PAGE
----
Bench Memos

Law & the Courts

The Sorry State of Free Speech at Harvard Law School

Yesterday the student protesters who have been occupying the student lounge at Harvard law school encountered posters criticizing them for violating the free-speech rights of other students. And—this isn’t an April Fool’s joke—they responded to this free-speech complaint by tearing the posters down and by declaring that they would determine what speech is allowed in the space that they’re occupying.

Even worse, Marcia Sells, the law school’s dean of students, facilitated the violation of students’ free-speech rights under campus rules, as she objected to one set of student posters on the ridiculous ground that the poster’s comparison of the protesters to Donald Trump could somehow jeopardize the law school’s tax-exempt status.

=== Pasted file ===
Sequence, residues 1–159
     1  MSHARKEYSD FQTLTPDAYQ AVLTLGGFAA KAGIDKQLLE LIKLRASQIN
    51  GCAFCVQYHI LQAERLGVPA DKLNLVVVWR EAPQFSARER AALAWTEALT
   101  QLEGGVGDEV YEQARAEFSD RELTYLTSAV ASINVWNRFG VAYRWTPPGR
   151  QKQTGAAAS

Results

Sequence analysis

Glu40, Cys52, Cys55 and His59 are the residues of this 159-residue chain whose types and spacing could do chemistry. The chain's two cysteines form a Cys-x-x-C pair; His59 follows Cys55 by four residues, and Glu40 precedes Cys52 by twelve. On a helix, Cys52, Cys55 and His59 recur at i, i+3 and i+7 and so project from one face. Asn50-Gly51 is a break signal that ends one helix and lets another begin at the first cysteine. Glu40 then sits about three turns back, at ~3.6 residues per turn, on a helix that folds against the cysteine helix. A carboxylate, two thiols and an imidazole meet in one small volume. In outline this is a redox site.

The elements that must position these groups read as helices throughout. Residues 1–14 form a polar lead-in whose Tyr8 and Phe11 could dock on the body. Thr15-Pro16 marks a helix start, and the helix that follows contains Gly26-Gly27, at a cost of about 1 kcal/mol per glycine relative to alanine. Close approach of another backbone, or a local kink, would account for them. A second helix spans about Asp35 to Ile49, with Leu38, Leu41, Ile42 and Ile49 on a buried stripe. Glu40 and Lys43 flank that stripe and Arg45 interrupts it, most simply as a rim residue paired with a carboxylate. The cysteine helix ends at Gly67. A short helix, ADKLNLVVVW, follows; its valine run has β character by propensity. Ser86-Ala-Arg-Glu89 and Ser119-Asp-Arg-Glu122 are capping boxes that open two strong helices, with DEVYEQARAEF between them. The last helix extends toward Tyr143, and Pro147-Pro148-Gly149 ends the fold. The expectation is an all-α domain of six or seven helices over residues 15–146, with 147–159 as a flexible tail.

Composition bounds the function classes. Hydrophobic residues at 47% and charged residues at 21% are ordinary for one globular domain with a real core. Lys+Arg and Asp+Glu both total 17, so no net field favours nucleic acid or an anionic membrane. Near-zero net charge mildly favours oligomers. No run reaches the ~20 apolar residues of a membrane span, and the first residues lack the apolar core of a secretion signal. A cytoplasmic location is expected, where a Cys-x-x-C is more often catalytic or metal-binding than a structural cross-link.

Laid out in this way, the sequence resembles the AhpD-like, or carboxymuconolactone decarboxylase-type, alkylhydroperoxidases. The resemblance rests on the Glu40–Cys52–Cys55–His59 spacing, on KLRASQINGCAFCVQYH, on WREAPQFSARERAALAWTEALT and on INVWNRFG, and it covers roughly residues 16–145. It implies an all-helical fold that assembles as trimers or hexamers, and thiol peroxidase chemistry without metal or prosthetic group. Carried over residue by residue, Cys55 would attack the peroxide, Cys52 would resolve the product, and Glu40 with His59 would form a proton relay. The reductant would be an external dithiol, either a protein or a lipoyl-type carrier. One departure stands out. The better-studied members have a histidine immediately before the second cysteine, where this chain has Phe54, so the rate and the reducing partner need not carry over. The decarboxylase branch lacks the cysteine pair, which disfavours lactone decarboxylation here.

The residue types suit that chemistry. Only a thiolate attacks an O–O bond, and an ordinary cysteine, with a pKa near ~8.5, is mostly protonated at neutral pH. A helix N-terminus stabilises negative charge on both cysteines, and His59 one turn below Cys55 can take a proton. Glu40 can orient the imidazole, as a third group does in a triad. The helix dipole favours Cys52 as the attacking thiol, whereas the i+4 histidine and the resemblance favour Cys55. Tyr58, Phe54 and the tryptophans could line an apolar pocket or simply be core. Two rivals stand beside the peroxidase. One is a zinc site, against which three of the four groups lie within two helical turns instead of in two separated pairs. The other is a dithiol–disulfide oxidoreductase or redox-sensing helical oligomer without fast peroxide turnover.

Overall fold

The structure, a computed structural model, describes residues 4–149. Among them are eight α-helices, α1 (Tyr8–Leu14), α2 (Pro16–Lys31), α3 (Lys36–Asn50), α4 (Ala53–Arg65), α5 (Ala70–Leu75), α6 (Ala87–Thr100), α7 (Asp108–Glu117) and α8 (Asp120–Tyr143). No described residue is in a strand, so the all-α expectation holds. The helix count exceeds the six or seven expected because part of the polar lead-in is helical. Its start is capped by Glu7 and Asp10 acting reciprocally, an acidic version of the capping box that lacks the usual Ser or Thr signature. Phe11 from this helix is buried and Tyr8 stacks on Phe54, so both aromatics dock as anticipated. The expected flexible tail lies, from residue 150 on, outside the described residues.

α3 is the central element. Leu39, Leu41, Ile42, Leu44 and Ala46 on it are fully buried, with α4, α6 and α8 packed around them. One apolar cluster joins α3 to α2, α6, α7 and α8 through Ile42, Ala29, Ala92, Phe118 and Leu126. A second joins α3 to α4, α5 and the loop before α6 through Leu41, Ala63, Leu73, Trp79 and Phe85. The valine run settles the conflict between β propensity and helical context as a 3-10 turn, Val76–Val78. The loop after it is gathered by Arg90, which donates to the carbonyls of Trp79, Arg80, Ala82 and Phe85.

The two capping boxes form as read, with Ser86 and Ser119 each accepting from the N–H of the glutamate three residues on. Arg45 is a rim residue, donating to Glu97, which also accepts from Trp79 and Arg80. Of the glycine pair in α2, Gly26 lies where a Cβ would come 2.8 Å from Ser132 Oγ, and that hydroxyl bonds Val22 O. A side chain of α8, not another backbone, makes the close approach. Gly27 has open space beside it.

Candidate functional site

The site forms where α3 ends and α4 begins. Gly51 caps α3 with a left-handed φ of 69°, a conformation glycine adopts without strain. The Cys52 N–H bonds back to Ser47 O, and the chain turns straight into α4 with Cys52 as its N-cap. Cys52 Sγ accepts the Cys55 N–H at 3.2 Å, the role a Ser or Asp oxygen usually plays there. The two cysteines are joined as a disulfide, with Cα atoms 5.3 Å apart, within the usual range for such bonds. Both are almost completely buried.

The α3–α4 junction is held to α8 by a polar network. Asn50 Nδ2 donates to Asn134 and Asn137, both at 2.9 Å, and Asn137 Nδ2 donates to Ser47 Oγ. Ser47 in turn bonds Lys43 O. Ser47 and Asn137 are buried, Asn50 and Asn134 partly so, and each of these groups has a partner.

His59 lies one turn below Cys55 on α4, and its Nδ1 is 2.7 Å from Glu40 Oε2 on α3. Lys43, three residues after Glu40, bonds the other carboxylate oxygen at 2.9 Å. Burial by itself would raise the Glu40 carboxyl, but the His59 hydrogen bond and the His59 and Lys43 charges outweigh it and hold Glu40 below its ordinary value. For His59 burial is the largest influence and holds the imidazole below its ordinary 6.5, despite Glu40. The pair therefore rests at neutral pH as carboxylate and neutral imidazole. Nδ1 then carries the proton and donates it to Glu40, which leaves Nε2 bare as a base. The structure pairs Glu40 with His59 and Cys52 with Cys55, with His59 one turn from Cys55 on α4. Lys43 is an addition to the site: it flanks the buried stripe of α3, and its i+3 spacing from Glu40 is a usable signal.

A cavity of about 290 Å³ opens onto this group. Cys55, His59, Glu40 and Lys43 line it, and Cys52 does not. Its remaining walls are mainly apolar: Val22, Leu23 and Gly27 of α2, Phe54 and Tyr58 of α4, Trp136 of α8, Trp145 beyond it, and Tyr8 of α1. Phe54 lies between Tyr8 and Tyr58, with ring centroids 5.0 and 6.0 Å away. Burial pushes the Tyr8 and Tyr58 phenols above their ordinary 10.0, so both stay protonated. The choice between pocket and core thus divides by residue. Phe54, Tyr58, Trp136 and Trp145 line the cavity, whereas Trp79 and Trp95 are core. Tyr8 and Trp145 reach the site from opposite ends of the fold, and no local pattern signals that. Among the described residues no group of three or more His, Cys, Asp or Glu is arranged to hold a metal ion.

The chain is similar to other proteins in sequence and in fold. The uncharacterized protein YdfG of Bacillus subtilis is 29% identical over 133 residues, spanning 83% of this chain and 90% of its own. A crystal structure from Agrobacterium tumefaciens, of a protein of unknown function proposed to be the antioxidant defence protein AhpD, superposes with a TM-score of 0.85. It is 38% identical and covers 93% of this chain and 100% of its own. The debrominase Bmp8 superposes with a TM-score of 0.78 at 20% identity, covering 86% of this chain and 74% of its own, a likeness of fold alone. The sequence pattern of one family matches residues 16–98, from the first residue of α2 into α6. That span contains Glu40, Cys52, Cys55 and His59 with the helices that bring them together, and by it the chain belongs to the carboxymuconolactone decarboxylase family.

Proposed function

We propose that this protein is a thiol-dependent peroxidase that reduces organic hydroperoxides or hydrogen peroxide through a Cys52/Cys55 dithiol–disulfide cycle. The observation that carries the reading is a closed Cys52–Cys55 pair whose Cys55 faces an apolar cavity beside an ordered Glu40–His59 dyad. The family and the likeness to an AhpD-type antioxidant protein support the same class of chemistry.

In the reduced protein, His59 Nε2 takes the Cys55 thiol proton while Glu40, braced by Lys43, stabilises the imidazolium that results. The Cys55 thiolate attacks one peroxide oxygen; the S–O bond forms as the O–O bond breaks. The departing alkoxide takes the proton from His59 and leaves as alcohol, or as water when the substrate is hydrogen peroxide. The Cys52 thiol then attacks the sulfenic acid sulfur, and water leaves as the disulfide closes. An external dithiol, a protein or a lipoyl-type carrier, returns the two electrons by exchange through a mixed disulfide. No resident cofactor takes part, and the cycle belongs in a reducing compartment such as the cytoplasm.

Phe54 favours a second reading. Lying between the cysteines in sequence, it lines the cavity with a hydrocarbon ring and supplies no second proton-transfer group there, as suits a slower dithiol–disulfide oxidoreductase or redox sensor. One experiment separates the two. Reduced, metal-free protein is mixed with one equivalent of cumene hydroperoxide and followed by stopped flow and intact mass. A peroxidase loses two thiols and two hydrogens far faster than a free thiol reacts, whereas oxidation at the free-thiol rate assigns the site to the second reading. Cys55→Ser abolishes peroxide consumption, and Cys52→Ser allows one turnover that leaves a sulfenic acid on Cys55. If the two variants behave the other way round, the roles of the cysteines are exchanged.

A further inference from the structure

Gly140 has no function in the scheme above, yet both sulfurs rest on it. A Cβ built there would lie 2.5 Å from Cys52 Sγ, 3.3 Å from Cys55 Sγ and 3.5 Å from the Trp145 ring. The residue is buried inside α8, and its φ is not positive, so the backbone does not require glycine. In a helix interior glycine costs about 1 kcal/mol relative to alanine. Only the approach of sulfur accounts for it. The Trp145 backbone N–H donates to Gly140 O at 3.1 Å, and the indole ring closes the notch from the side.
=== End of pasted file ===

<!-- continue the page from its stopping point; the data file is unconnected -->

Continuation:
The tearing-down of posters containing unwelcome speech by other students (and making no reference to Trump) has continued yesterday and today. [Addendum: Here’s a video.]

Harvard law school dean Martha Minow has now issued a statement “reaffirm[ing] our commitment to the values of free exchange and free speech,” but it’s far from clear whether she can be taken seriously. Minow recites university rules that provide that interference with freedom of speech is a “serious violation,” but she offers no sign that she will take any disciplinary action against the violators.

Minow herself has been an enabler of the occupation. For starters, she has covered up the obvious hate-crime hoax that helped to precipitate it. Further, her new missive reflects her own viewpoint discrimination in favor of the protesters, as she justifies their “extraordinary use” of the student lounge—i.e., their longtime occupation of it—on the ground that the protesters are raising “issues of pressing importance.”

Minow’s statement could be read more hopefully to indicate that she will soon be putting an end to the occupation of the lounge and will instead be offering some new “centrally located space” as a substitute. We’ll see. 

Ed Whelan — Ed Whelan is a leading commentator on nominations to the Supreme Court and the lower courts and on issues of constitutional law.

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